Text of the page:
MyThinkPond

On Java, Python, Groovy, Grails, Spring, Node.js, Linux, Arduino, ARM, Embedded Devices & Web

Hello World with SparkCore

Posted by Venkatt Guhesan on June 17, 2014

Finally got my SparkCore, an Arduino built with on-board WiFi (no need for a Arduino WiFi shield). This version is a different take on the “Internet of Things” and “Build internet-connected hardware”

Here’s a picture of the Spark connected to the WiFi running my first HelloWorld app downloaded directly from the Spark IDE to the core.

Spark Core

Looking forward to building some designs around it! To learn more about Arduino and SparkCore visit their corresponding sites.

Happy Blogging!

 

Posted in Embedded Systems, SparkCore - Arduino | Tagged: , , , | Leave a Comment »

Switching back to wordpress site

Posted by Venkatt Guhesan on June 17, 2014

For the past year, I’ve tried to use my own hosted WordPress blog but I’ve noticed that my hits seems to be much higher on WordPress hosted site than my personal site. So I’ve decided to make my switch back to the WordPress hosted blog.

So starting today, both MyThinkPond.com and MyThinkPond.wordpress.com link back to the same blog site.

 

Posted in Uncategorized | Leave a Comment »

Grails 2.3.5 – grails stop-app – does not stop the app running via run-app

Posted by Venkatt Guhesan on February 2, 2014

If you’re using Grails 2.3.X and you’re developing, most likely you’re running your app like this:

grails run-app
#in one command-prompt/shell-terminal and
grails stop-app
#in another command-prompt/shell-terminal

With the latest version of Grails (version 2.3.5), the stop-app say:

grails stop-app
| Server Stopped
# But nothing happens and the server-process continues to run#

Here’s an undocumented fix that can come in handy:

# On terminal/command-prompt #1
# Run the way you do today
grails run-app
# On terminal/command-prompt #2, change-directory (cd) to the root folder where you have your Grails project
# Create a file with a file-name ".kill-run-app"
# For Linux (*Nix) environments
touch .kill-run-app
# For Windows where you do not have 'touch' command do the following instead
echo hello > .kill-run-app
# Wait for a few seconds and Grails will kill the app that's running

Now you can resume with starting a new instance of “grails run-app”.

Cheers & Happy Coding!

Posted in Grails, Groovy, Java | Tagged: , , , , | Leave a Comment »

Grails – Adding JavaScript to bottom of page

Posted by Venkatt Guhesan on February 2, 2014

In Grails using the templating (Sitemesh) if you were to include per-page JavaScript resources then it shows up much earlier in the layout content as part of the <g:layoutBody>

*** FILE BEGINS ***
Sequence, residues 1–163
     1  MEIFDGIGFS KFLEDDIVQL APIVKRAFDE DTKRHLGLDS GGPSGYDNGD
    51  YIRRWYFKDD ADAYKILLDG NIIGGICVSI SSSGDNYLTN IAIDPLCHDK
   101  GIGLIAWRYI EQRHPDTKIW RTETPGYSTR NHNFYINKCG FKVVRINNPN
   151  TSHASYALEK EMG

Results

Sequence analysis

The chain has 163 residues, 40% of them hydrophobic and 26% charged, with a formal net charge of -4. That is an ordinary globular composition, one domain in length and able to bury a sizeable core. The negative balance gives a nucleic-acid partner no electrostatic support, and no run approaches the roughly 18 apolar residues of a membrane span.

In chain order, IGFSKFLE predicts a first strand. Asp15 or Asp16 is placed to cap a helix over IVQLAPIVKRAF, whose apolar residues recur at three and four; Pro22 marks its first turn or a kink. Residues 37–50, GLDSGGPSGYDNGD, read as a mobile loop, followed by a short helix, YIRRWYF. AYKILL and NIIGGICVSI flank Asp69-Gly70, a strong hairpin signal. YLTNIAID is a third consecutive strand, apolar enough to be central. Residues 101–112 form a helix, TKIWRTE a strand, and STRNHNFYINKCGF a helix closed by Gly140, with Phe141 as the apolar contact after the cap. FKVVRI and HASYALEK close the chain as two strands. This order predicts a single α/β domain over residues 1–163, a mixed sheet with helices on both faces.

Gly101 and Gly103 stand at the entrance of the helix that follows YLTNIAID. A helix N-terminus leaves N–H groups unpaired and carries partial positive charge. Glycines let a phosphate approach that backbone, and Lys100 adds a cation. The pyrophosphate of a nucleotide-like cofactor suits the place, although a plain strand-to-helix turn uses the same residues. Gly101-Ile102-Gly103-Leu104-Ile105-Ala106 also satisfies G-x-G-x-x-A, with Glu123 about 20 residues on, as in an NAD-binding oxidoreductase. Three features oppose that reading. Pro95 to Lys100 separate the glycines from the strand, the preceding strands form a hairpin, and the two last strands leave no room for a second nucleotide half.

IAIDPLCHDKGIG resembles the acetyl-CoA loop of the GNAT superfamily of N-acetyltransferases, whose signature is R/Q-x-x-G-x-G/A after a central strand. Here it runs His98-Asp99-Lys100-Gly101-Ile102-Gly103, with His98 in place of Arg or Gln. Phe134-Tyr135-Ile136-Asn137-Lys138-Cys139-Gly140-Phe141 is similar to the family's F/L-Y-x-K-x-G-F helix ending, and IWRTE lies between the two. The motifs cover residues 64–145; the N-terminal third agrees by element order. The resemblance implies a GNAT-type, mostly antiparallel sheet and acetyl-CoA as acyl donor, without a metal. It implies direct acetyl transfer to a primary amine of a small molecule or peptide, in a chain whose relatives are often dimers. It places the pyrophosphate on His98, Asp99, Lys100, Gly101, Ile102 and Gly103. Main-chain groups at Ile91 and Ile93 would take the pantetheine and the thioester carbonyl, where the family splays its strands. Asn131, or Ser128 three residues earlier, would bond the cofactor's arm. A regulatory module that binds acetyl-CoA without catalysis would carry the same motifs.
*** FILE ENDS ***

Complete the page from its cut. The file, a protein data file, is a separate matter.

Here is an example illustrating the problem:

SamplePage.gsp

<!DOCTYPE html>
<html>
<head>
<meta name="layout" content="layoutPage"/>
<head>MyThinkPond.com Custom Page</head>
...
</head>
<body>
Some this page content
<script type="text/javascript" src="${request.contextPath}js/samplePage.js"></script>
</body>
</html>

and the layout page (layoutPage.gsp)

<!DOCTYPE html>
<html>
<head>
<title><g:layoutTitle default="MyThinkPond.com"/></title>
...
</head>
<body>
<div>
Some template (header) content
<g:layoutBody/>
</div>
<!-- Common JS Files -->
<script type="text/javascript" src="${request.contextPath}js/common.js"></script>
<!-- Begin: Custom Page JavaScript Should Go Here -->
<!-- End: Custom Page JavaScript Should Go Here -->
</body>
</html>

results in the following page in browser

<!DOCTYPE html>
<html>
<head>
<titleMyThinkPond.com Custom Page</title>
...
</head>
<body>

<div>
Some template (header) content
Some this page content
<script type="text/javascript" src="${request.contextPath}js/samplePage.js"></script>
</div>

<!-- Common JS Files -->
<script type="text/javascript" src="${request.contextPath}js/common.js"></script>
<!-- Begin: Custom Page JavaScript Should Go Here -->
<!-- End: Custom Page JavaScript Should Go Here -->
</body>
</html>

You can see that the JavaScript is included as part of the body and not at the bottom.

Here’s how you resolve this issue:

In your custom page, define a content block like this:

SamplePage.gsp

<!DOCTYPE html>
<html>
<head>
<meta name="layout" content="layoutPage"/>
<head>MyThinkPond.com Custom Page</head>
...
</head>
<body>
Some this page content
<content tag="javascript">
<script type="text/javascript" src="${request.contextPath}js/samplePage.js"></script>
</content>
</body>
</html>

In your template layout page add the content block to the bottom as needed like this:
layoutPage.gsp

<!DOCTYPE html>
<html>
<head>
<title><g:layoutTitle default="MyThinkPond.com"/></title>
...
</head>
<body>
<div>
Some template (header) content
<g:layoutBody/>
</div>
<!-- Common JS Files -->
<script type="text/javascript" src="${request.contextPath}js/common.js"></script>
<!-- Begin: Custom Page JavaScript Should Go Here -->
<g:pageProperty name="page.javascript"/>
<!-- End: Custom Page JavaScript Should Go Here -->
</body>
</html>

This will extract the JavaScript portion from samplePage and insert at the bottom of the layoutPage.

Here is the result of this magic in a page in the browser:

<!DOCTYPE html>
<html>
<head>
<titleMyThinkPond.com Custom Page</title>
...
</head>
<body>

<div>
Some template (header) content
Some this page content
</div>

<!-- Common JS Files -->
<script type="text/javascript" src="${request.contextPath}js/common.js"></script>
<!-- Begin: Custom Page JavaScript Should Go Here -->
<script type="text/javascript" src="${request.contextPath}js/samplePage.js"></script>
<!-- End: Custom Page JavaScript Should Go Here -->
</body>
</html>

You can see that the page specific JavaScript content got added towards the bottom as you intended it to be.

If this article has helped you, please add this article to your favorite social links so that others may also find this article.

Cheers & Happy Coding!

Posted in Grails, Groovy, Java | Tagged: , , , | Leave a Comment »

Grails 2.X .gitignore file

Posted by Venkatt Guhesan on November 16, 2013

Grails